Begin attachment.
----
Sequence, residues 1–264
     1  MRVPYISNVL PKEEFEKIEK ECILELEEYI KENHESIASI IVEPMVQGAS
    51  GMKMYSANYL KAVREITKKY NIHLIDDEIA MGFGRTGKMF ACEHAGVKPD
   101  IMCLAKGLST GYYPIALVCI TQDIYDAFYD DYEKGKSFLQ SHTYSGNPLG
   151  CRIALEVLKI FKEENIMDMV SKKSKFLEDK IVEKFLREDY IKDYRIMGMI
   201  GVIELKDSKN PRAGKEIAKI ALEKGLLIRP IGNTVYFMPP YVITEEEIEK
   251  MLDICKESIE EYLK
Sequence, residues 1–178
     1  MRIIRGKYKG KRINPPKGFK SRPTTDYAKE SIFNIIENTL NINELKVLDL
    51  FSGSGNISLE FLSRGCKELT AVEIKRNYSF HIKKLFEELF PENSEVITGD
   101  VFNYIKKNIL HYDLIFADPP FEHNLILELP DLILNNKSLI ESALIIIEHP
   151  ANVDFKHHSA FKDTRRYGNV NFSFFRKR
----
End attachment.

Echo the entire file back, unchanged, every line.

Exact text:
Sequence, residues 1–264
     1  MRVPYISNVL PKEEFEKIEK ECILELEEYI KENHESIASI IVEPMVQGAS
    51  GMKMYSANYL KAVREITKKY NIHLIDDEIA MGFGRTGKMF ACEHAGVKPD
   101  IMCLAKGLST GYYPIALVCI TQDIYDAFYD DYEKGKSFLQ SHTYSGNPLG
   151  CRIALEVLKI FKEENIMDMV SKKSKFLEDK IVEKFLREDY IKDYRIMGMI
   201  GVIELKDSKN PRAGKEIAKI ALEKGLLIRP IGNTVYFMPP YVITEEEIEK
   251  MLDICKESIE EYLK
Sequence, residues 1–178
     1  MRIIRGKYKG KRINPPKGFK SRPTTDYAKE SIFNIIENTL NINELKVLDL
    51  FSGSGNISLE FLSRGCKELT AVEIKRNYSF HIKKLFEELF PENSEVITGD
   101  VFNYIKKNIL HYDLIFADPP FEHNLILELP DLILNNKSLI ESALIIIEHP
   151  ANVDFKHHSA FKDTRRYGNV NFSFFRKR